Poetry / China


Yao Jingming*

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Although Macao has strong connections with the works of such eminent poets as Luís de Camões, Camilo Pessanha Wu Li, · Wei Yuan, · and others, the prevailing notion remains that the territory is not the shelter of a 'poetical world.' The social-cultural evolution of the last two decades has been contributing towards the abandonment of such notion. In fact, during the last twenty years Macao has seen the flowering of a great number of talented poets, both Chinese and Portuguese. This short essay will deal exclusively with the Chinese language poets of Macao, the works of most of them not even being known by the Portuguese living in the territory.

The extraordinary surge in Macao of Chinese speaking poets during the last twenty years is due to the following factors:

1. The high emigration of Chinese speaking families from both mainland China and other southeast Asian countries to Macao during the 1970s and 1980s; many of these families with an intellectual background;

2. The generalization of higher levels of education in Macao, as a result of economic expansion. The generous increase of native students in local or foreign higher education, thus in contact with more heterogenous cultures. In fact, most of the best contemporary Chinese speaking poets living in Macao are quite young still post-graduate students or university graduates.

3. The strong poetical vocation of many youngsters, strongly influenced by the dynamism of poets from previous generations. The Macao association of poets known as May Poetry Society· is also an active nucleus for the exchange of ideas, frequently organising conferences and debates, and sporadically publishing a poetry bulletin called "Modern Macanese Poetry Review".· Also, some Chinese language dailies such as "Macao Daily" and "Overseas People Chinese Journal",· regularly include a weekly literary page exclusively reviewing and publishing prose and poetry works. Many poems by local residents have been published in the last few years, greatly stimulating the poetic creativity of the readers.

TAO KONG LIAO 淘空了 LEI CHI NGOK 李志岳 LI ZHIYUE 1995. Pencil on paper. 21.4 cm x 15.8 cm.

Because of the different educational and environmental backgrounds of the contemporary Chinese speaking poets living in Macao, their poetical production is heterogeneous, not following a generic style or complying with a common subject. Notwithstanding these differences their output may be broadly classified under three groups: 'traditional', 'modern' and 'young'.

The word 'traditional' is here to be understood with two meanings. First, 'traditional' are those poets which strictly comply with the prescribed rules of Chinese classical poetry with their categorical notions of, for instance, precise rhyme, the metric of the characters in the verses, etc. But 'traditional' are also those poets who, despite composing without adhering to the classic prosaic canons, nonetheless express in their poems a traditional evocative spirit. These 'traditionalists' show close creative links with the Chinese "New Poetry" movement of the 1920s, a decade when many young poets liberalized Chinese poetry from its canonical rules injecting it with fresh ideas and novel compositional structures. The most representative Chinese speaking poets living in Macao which may be classified under this group are Hu Xiaofeng·, Yun Duhe·, Wang Haohan·, and Jiang Siyang· who in spite of being predominantly influenced by classical Chinese poetry, reveal great expertise in achieving a harmonious balance between suggestive ness and imagery, and between the rhythm of the poems and the diction of the characters.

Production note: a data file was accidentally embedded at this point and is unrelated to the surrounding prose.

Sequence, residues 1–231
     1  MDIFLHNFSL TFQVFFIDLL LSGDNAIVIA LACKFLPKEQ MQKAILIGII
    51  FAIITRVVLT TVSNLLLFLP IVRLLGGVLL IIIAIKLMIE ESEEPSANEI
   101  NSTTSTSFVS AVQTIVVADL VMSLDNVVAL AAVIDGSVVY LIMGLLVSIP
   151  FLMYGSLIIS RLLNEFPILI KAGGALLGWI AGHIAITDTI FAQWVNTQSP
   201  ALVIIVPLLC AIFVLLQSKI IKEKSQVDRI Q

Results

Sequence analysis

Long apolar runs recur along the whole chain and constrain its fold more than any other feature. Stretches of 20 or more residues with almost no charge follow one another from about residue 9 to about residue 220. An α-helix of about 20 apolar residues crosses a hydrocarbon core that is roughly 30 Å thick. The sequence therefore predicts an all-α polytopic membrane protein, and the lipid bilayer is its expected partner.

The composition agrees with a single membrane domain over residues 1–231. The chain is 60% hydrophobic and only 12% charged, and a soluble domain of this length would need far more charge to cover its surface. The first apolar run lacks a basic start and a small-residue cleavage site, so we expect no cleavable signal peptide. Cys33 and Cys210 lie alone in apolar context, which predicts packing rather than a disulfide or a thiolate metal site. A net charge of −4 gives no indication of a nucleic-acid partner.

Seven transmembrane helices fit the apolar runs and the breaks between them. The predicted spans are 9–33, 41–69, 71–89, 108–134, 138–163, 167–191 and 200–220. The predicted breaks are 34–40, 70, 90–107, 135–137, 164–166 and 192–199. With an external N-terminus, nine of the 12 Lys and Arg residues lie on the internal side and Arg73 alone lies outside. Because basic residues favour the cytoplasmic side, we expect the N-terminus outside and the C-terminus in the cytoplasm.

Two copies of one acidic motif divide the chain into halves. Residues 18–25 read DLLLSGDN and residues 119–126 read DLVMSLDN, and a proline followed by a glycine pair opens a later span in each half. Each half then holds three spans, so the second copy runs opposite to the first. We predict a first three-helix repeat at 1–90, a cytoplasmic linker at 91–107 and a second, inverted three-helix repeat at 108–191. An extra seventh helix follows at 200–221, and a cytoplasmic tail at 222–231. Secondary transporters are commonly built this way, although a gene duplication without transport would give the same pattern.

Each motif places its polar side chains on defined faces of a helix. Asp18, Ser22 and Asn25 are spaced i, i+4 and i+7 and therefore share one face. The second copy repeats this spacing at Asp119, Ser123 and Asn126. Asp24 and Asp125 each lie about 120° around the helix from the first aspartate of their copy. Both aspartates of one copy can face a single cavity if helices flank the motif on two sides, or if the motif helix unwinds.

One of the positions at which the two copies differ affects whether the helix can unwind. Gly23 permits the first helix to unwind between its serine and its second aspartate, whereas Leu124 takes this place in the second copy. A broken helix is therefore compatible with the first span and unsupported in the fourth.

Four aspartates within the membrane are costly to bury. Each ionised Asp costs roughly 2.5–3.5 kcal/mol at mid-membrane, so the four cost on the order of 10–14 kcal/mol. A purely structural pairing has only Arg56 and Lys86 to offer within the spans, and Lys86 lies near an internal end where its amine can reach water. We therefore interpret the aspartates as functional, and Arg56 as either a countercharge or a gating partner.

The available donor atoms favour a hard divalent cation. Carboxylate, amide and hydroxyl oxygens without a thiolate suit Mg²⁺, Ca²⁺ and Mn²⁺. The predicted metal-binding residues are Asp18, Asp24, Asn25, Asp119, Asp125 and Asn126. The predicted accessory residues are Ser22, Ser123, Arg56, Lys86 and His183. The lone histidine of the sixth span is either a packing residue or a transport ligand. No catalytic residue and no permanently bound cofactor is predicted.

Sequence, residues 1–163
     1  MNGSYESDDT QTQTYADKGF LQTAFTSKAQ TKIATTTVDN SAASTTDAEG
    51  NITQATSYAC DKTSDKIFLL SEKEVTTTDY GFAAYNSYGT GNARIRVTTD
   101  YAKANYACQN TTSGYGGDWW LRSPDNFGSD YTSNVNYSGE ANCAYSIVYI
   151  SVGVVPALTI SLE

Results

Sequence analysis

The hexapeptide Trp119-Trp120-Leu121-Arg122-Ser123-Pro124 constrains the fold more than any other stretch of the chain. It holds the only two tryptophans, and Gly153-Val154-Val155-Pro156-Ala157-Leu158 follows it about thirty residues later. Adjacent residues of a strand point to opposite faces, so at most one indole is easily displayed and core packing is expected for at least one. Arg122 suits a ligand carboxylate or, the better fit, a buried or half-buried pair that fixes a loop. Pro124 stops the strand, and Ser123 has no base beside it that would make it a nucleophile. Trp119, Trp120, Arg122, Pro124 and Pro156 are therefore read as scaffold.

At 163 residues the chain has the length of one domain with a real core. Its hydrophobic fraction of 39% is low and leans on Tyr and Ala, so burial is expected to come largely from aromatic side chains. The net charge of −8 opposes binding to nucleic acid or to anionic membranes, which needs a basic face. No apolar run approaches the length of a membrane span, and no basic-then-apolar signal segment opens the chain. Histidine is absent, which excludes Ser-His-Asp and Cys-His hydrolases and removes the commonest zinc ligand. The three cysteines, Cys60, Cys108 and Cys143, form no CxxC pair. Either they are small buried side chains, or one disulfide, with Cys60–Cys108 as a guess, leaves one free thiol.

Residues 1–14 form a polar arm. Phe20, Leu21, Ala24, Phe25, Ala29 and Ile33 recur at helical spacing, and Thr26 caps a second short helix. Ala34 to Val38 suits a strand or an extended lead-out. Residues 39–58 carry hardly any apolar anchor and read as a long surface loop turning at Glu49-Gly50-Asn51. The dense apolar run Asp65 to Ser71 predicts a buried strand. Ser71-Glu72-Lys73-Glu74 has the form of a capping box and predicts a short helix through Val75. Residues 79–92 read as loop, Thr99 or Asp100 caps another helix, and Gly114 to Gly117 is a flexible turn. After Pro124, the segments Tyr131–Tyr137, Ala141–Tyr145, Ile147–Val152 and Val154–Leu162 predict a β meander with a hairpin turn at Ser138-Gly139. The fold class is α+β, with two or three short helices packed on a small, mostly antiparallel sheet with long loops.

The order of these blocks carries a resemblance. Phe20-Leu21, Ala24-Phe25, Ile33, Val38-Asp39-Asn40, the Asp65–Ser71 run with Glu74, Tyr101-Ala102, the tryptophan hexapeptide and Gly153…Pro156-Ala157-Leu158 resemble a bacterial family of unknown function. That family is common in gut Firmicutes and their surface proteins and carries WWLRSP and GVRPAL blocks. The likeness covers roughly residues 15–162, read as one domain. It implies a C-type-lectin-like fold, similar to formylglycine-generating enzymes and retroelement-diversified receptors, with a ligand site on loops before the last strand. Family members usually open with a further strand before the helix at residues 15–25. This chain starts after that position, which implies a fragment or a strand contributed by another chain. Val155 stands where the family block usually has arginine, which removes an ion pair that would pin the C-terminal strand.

Yun Duhe, · who suffered great vississitudes in life, reveals his deep knowledge of the rules of 'traditional' poetry which he strictly applies to his own. His poetry may be metaphorically compared to a prisioner 'dancing in iron shackles'· due to the extreme difficulty in reconciling poetical meaning and the prosaic structure strictly complying with 'traditional' canons. The poet achieved a versatile compromise, avoiding some conditionings in favour of a refined elegance. His 'modern' poems are characterized by a melancholic lyricism. His poems attempt to express that a poets' existence is a compound of great sorrows and joys and that the duty of a 'true' poet is to proclaim the invincible strength of Man's individualism.